No one knows the impact a new veterinary school will have in the area and around the state better than veterinarian Tom Portillo. He is the manager of animal health and well-being for Amarillo-based Friona Industries, one of the leading cattle feeding businesses in the world. Portillo oversees the health and welfare of animals in eight state-of-the-art feedyards and one of the first to make a gift to the Texas Tech veterinary school effort after examining the university's approach to providing a cost-effective education.
"This type of program will be able to tap into that candidate pool, those people who do have an aptitude and desire to practice in rural America and focus on production-animal medicine, even regulatory medicine," Portillo said. "That's where the need is. Not only will Texas Tech shift that paradigm, but with success, they will start forcing other veterinary schools and other veterinary programs to look up and start rethinking their paradigm as well."
Ranchers and dairy farmers depend on knowledgeable, rural animal veterinarians for their success. Yet according to a 2016 report by the Texas Higher Education Coordinating Board, of the 6,600 practicing veterinarians in Texas, the majority focuses on small animals, while only 180 veterinarians exclusively serve livestock in rural areas.
Kynan Sturgess, a veterinarian from Hereford who treats both small and large animals, is one of those rural veterinarians caring for livestock and knows the severity and problems with the current shortage.
"The need is definitely there or I wouldn't be traveling that much," Sturgess said, who also testified to the Senate subcommittee. "We cover a pretty large territory. I run from Lubbock on a routine basis all the way up to Sublette, Kansas. We also go over to the middle of New Mexico because there's a veterinarian shortage there as well."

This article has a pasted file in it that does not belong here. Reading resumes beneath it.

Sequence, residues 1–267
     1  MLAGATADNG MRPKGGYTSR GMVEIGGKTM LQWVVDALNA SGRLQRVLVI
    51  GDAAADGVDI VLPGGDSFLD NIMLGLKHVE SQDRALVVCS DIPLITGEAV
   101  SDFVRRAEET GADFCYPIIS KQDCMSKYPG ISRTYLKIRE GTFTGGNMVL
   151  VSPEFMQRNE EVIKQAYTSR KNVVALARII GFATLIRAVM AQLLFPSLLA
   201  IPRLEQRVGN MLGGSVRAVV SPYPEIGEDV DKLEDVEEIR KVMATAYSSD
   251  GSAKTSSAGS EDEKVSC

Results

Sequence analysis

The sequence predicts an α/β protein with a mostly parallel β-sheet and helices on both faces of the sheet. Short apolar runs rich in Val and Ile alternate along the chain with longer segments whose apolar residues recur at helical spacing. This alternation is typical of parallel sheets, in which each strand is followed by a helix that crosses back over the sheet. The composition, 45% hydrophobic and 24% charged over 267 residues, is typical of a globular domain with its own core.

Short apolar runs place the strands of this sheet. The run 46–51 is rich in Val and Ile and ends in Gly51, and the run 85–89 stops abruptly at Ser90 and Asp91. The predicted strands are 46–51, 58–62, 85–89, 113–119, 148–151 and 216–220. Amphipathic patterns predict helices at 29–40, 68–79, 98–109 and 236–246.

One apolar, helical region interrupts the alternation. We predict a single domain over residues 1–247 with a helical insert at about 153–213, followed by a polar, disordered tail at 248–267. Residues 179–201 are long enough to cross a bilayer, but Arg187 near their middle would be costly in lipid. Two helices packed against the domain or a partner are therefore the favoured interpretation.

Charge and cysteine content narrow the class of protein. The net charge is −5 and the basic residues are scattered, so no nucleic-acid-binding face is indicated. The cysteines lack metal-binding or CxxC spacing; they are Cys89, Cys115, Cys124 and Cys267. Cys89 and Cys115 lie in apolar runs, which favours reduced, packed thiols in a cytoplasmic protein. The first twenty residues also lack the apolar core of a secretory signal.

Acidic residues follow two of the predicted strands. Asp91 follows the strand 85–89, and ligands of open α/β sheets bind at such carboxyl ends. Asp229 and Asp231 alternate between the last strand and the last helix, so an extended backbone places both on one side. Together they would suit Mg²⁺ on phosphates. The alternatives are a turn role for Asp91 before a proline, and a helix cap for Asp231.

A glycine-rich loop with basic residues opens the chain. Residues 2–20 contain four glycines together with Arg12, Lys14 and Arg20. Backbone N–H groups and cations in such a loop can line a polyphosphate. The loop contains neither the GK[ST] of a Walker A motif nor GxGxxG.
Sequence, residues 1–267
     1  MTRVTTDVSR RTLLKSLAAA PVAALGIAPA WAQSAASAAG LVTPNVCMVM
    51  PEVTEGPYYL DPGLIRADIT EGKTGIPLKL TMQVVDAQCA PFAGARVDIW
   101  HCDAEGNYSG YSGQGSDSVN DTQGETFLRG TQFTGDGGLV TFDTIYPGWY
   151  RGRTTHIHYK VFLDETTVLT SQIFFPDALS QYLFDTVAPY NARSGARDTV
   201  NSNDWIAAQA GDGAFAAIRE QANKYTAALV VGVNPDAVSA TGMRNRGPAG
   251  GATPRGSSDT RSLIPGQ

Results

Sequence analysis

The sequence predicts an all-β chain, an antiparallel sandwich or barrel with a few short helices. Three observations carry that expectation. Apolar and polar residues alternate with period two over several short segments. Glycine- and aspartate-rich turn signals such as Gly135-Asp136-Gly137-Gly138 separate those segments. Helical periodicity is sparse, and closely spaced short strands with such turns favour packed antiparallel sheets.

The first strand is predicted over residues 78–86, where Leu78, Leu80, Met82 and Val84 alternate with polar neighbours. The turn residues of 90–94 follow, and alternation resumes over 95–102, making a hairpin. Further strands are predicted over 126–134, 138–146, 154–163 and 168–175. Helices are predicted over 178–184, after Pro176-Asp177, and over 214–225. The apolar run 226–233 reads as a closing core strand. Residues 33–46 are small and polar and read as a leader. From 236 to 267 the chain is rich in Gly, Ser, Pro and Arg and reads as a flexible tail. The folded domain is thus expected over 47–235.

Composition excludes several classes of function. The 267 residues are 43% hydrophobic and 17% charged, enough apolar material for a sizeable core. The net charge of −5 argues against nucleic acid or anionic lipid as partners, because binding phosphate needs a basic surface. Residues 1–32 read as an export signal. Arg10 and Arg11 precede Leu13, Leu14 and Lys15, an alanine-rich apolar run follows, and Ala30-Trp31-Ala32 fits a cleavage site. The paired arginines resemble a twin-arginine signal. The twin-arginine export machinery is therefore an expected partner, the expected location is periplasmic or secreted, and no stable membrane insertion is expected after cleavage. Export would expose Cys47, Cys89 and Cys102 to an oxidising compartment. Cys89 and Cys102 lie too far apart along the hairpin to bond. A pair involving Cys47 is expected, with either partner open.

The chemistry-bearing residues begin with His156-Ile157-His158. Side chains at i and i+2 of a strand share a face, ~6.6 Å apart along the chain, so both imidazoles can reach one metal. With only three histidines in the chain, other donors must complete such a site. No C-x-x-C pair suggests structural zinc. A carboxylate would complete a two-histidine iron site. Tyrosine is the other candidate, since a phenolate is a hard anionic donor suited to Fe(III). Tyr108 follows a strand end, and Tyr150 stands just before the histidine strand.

"Our livestock producers don't convert over into a believer in you as a veterinarian until they've seen you do things and work with you," Sturgess said. "Normally, my work day is spent about half working with our crews in feedlots, from the cowboys, management team, and processors, in making sure that we are providing a consistent, safe food supply. We are also helping keep our clients profitable in their endeavors to feed cattle. Then, most of my remaining time is spent in the clinic."
Sturgess is a partner at Hereford Veterinary Clinic and has two other veterinary partners and an associate veterinarian who all work together to meet the high demands for veterinary care in rural areas.
More than 70 percent of the clinic's gross income comes from food-animal practice, and Sturgess notes that running a rural veterinary clinic is a successful business and offers opportunities for incoming veterinarians, despite what some may say.
"There are plenty of opportunities to make a nice income in rural America," Sturgess said. "In the last 25 or so years, we've hired nine veterinarians, and while three were from Texas A&M, the rest were from Mississippi State, Oklahoma State, Kansas State, Colorado State, Iowa State and Auburn. The last vet we hired took us a year to find."
"A second veterinary school is definitely something that fits in with Texas. If you think about the states that have two veterinary schools ... you can't tell me Texas doesn't have room for a second."